|Jul-01-02|| ||LA CONSENTIDA: Lasker would have easily beaten capablanca here by 32... Bb6+ 37. kf7 Nc6 38. g4 and the pawns would be a huge threat to capablanca's exposed king. |
|Jul-01-02|| ||Sneaky: I think you mean to say 31. ...Bb6+ 32. Kf1 Nc6 33. g4|
I'm not sure how much danger Black is really in. After all, he has two pieces for a rook. For example, after your 33. g4 the move ... Nf2 apparently wins the g4 pawn outright. And at the very least, ...Nf6 forces the doubling of the h-pawns thereby removing the threat of creating a powerful outside passed pawn.
|Jul-01-02|| ||Da Playa: I dont understand why capablanca allows his rooks 2b stolen, then doesn't capatalize on the seemingly gift offering of the bishop!?!?!? |
|Jul-01-02|| ||bishop: Da Playa,I think Capablanca was satisfied in getting 3 minor pieces for the two rooks judging the resulting position ok. If black had captured white's bishop on his 28th move,White would then have captured black's knight. In the final position if you use the values pawn=1 knight=3 bishop=3 rook=5, then White is ahead materially 17 to 15. Everything else being equal Lasker perhaps could have continued. But against the superstrong Capablanca it would to the logical Lasker mind not have been worth the effort. |
|Jul-02-02|| ||mprchess: im surprised capablanca still had his minor pieces. whites bishop probably shold have traded for the knight it is dangerous to the development of the rooks. |
|Aug-30-03|| ||tud: After 31...Bb6+ 32Kf1 Bc7 white has to go back with the king and defend the h pawn. It can be a forced repetition here. |
|Aug-31-03|| ||tud: Or 33Bf3 f5 and black has nothing to fear. |
|Aug-31-03|| ||Calli: Here are a few of Capablanca's comments:
14.Nb5 [The combinations beginning with this move are all wrong. After the text move, Black should get the better game. White's proper move was simply to hold the position by playing 14.c3 ]
15.Ndxc7 [If 15.Bf2 Nxd5 would give Black the better game. The combination indulged in by White is good only in appearance.]
20... Bxa2 [A mistake. The question of time at this point was not properly appreciated by Black, who went in to recover a pawn, which was of no importance whatever. Worse yet, the capture of the pawn only helped White. Black had here a won game by playing 20...Be5 ]
22...a6 [22...h3 was better. After the text move Black has an extremely difficult game to play.]
23... h5 [23...Qg5 would have given Black better chances to win. After the text move there is nothing better than a draw.]
31.Rad1 [Having had twenty-four hours to consider the position, we both came to the conclusion that there was nothing in it but a draw. 2hr. 05 - 1hr. 54] ½-½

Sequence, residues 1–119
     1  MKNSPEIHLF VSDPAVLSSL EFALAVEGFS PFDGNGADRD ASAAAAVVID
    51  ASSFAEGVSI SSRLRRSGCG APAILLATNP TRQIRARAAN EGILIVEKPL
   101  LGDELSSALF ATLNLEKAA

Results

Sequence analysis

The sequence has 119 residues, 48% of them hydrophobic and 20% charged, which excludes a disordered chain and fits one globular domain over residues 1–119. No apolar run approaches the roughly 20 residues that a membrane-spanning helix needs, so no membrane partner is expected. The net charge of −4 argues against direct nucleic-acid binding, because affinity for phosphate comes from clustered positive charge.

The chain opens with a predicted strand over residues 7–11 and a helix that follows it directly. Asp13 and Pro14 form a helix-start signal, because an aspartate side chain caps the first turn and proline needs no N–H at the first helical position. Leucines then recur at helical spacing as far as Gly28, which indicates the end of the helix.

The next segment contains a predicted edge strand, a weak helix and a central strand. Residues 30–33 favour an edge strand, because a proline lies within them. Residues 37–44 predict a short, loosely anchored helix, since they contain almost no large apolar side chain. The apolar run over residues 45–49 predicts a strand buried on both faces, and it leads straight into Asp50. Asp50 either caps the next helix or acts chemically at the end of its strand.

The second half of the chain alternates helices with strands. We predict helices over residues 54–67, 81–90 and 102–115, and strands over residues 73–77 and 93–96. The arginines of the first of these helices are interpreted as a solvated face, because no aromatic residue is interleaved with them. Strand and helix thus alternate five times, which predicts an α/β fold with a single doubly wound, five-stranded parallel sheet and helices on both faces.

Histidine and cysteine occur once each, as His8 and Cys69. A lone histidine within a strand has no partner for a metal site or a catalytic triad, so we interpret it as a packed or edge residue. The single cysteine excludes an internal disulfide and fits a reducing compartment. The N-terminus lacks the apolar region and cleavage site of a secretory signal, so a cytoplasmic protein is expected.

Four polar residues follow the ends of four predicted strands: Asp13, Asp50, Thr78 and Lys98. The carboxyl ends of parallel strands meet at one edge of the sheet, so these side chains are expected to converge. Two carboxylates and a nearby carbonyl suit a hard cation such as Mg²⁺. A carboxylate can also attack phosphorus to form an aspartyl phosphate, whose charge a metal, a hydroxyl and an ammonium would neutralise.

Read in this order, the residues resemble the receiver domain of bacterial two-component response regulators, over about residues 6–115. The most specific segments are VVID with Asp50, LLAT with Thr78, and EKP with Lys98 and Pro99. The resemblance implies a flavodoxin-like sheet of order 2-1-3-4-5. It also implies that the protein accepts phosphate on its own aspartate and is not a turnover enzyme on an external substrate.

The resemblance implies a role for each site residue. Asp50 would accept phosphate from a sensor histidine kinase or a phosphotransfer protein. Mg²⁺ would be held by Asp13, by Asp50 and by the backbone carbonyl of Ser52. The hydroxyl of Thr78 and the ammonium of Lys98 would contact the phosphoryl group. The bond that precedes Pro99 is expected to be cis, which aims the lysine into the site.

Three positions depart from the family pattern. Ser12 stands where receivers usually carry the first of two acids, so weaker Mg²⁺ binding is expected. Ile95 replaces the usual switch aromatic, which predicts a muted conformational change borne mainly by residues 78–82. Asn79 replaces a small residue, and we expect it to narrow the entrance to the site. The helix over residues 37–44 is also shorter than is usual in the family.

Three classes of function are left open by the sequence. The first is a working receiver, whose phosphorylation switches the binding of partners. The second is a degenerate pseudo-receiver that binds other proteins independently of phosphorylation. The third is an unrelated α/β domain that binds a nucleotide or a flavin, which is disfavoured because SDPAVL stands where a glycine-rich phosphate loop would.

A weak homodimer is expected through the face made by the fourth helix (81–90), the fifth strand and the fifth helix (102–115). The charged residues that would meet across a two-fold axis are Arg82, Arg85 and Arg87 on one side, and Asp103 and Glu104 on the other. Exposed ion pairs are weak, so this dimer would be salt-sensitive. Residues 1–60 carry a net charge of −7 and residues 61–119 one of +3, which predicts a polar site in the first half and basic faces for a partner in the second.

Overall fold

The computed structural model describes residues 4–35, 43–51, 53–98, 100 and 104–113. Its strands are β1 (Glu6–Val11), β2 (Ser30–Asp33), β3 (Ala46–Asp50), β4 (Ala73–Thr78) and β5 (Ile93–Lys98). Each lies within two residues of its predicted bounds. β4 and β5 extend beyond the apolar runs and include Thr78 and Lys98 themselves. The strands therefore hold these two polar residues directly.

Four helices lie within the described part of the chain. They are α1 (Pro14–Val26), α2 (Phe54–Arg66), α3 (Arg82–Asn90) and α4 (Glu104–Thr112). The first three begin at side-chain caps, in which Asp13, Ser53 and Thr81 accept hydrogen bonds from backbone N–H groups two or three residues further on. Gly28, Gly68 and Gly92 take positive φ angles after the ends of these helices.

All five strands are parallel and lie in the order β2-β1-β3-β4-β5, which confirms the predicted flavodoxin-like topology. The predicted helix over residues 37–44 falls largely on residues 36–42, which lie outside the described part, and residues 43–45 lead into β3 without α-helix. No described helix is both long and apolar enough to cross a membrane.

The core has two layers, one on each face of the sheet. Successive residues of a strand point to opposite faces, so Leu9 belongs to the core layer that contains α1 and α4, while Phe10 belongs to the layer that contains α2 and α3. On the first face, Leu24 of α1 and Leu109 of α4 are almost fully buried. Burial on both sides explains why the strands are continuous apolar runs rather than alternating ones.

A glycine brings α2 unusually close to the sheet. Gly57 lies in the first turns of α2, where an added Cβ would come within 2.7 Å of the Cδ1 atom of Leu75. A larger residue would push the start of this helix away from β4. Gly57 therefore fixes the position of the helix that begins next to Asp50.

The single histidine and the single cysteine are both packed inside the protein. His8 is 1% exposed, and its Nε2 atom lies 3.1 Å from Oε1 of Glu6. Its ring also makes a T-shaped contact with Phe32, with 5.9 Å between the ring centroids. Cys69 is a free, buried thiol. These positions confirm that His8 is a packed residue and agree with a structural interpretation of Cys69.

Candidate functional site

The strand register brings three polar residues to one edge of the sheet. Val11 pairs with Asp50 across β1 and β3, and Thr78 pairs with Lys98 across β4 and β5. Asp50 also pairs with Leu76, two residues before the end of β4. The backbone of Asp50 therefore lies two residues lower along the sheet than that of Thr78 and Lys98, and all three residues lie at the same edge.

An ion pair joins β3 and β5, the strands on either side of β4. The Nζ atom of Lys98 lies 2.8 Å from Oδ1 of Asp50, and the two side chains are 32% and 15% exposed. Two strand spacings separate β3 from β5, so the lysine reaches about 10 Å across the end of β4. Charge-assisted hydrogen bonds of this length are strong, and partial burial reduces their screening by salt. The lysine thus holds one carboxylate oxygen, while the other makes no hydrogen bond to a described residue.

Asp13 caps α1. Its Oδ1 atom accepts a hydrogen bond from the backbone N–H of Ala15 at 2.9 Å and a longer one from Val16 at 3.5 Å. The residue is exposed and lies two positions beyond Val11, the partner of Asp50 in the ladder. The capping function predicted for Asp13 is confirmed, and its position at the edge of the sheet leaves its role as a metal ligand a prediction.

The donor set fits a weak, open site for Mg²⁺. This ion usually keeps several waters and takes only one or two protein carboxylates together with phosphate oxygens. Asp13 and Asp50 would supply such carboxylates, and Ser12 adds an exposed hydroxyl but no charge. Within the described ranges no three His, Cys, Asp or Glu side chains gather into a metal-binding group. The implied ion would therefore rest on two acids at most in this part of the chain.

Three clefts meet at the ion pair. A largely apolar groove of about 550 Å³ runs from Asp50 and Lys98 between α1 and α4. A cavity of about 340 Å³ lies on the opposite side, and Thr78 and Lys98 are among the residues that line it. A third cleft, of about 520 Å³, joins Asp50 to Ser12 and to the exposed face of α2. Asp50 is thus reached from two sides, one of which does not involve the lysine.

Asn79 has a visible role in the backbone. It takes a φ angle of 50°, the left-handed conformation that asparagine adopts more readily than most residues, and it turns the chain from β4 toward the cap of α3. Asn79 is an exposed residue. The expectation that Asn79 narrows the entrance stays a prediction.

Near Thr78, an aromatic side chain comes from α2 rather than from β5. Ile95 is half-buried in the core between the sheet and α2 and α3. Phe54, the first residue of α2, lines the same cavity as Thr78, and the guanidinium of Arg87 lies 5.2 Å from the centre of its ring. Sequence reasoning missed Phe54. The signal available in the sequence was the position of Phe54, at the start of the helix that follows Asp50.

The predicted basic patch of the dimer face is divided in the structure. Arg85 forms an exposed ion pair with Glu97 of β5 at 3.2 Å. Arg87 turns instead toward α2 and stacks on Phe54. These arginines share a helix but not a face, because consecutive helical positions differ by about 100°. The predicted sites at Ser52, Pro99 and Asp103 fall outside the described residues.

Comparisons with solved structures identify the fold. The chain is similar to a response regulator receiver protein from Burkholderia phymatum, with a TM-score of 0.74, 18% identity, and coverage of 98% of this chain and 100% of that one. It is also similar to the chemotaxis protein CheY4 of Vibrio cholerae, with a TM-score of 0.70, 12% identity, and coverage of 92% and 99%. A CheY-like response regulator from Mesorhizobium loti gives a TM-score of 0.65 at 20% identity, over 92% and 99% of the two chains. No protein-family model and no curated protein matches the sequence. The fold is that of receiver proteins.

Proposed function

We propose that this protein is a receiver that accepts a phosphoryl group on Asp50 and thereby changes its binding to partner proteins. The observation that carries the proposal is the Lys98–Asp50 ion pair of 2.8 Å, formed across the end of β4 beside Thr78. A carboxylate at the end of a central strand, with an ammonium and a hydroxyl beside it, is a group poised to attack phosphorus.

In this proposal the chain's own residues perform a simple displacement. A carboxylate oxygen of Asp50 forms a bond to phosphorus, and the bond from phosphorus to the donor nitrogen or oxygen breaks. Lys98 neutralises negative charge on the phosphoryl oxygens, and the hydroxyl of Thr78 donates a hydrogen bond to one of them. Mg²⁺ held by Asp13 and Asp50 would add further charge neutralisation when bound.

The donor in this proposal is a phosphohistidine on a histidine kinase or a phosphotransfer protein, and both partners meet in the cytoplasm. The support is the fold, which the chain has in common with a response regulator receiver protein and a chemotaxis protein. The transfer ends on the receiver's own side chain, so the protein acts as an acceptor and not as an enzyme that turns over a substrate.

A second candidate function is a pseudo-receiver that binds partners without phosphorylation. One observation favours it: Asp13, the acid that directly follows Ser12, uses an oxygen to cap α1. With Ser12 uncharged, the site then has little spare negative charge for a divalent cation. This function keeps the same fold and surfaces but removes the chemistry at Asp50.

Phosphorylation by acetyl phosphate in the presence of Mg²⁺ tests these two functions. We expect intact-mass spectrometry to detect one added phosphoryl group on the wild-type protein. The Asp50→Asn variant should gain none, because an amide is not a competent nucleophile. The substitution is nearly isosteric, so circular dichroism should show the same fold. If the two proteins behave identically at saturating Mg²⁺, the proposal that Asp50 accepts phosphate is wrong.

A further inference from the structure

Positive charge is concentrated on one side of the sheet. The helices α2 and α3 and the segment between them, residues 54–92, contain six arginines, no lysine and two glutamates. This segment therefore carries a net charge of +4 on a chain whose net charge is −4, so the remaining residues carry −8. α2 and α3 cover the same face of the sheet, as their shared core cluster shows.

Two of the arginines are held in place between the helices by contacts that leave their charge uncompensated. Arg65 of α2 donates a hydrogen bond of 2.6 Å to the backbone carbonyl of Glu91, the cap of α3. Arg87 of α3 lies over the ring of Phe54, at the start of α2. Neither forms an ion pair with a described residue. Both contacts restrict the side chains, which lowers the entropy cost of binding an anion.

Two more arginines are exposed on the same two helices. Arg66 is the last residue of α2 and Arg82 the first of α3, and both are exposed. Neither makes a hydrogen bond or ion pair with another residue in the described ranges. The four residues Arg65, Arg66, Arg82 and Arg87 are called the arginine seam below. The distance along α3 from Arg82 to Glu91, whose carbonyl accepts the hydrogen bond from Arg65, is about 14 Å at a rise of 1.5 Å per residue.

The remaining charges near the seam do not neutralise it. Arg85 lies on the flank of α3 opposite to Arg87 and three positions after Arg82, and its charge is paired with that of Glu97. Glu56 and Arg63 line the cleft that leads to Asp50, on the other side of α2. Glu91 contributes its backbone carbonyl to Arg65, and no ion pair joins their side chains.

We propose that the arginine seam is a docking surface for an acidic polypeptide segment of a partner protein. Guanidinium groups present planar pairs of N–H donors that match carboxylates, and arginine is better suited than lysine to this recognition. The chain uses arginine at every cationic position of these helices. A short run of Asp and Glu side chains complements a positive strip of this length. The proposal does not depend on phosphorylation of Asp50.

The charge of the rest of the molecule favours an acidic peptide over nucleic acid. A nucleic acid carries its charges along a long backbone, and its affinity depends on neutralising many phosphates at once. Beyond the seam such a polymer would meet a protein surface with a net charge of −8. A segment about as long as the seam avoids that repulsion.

JR Capablanca in the book of match.
|Jan-16-05|| ||ArturoRivera: why is Bf1 necesary in the nine move? |
|Feb-26-05|| ||Billage: <LA CONSENTIDA> Don't you think Lasker would've seen that? |
|Jun-14-05|| ||pokobondo: that game took place a long time ago. so, why bother?|
|Jun-14-05|| ||PARACONT1: <pokobondo> You're saying we shouldn't bother abt any games that took place long ago? Gee that's a novel idea, I wonder why so many kibitzers still go through games from Staunton to Capablanca? To know the future, to understand the present - one must study the past. <Billage> Yes, I should imagine a world champ would've seen that LOL.|
|Sep-22-05|| ||ConfusedPatzer: He played Bf1 because he didn't want to exchange bishops after black moved the knight.|
|Sep-22-05|| ||euripides: In Capablanca vs Alekhine, 1936, Capablanca tempts Alekhine into a combination that nets two rooks for three minor pieces, but the worse position. Lasker apparently said to Capblanca after the 1936 game 'you must have been glad when your opponent took the bait'. I'd never realised that Capablanca had done the same thing to Lasker fifteen years earlier.|
|Oct-26-05|| ||Fischer61: J.R.C. was a big player that whom ý want to play:) bu t ý can not reach him.And of course Lasker!Hi is my idol and my favourite Chess player and chess cahampion in the world after R. James Fischer. Sinserely M.Y.|
|Mar-02-08|| ||Knight13: 20...Bxa2?? should be a blunder. I don't know what Capablanca was thinking; when someone just give you a pawn, especially someone as good as Lasker, THINK! Rooks need open files, and White, seeing that he has the rooks, ignored the a2 pawn in hope that Black would take it so he would get some play. Black has minor pieces so he should've played them actively, as Capablanca have stated, with ...Be5 which is very good.|
|Apr-10-08|| ||Petrosianic: <Sneaky>: <I think you mean to say 31. ...Bb6+ 32. Kf1 Nc6 33. g4
I'm not sure how much danger Black is really in. >|
None at all. If two world champions analyzed the position overnight and concluded that it was a draw, then i trust their judgement more than one anonymous guy on the internet (i.e. the esteemed Mr. Consentida) who gets his move numbers and notation wrong.
Capa's notes are frustratingly vague, as usual. He claims a win with Be5, but gives no variations.
<Knight13>: <20...Bxa2?? should be a blunder. I don't know what Capablanca was thinking; when someone just give you a pawn, especially someone as good as Lasker, THINK! Rooks need open files, and White, seeing that he has the rooks, ignored the a2 pawn in hope that Black would take it so he would get some play.>
Before you accuse a world champion of not thinking, make sure you've got the right idea. Bxa2 is a bad move, but not because the Rook ends up getting any great play on the QR file. The real problem with the move is the lost tempo that gives White time to get things moving on the Kingside.
|Dec-14-13|| ||YvccChamp: In claiming a win with ...Be5, the World Champion is giving you a starting point to exercise your brain instead of handing you all the info on a Silver Platter. Laasker recommends this as the correct approach for students as well!|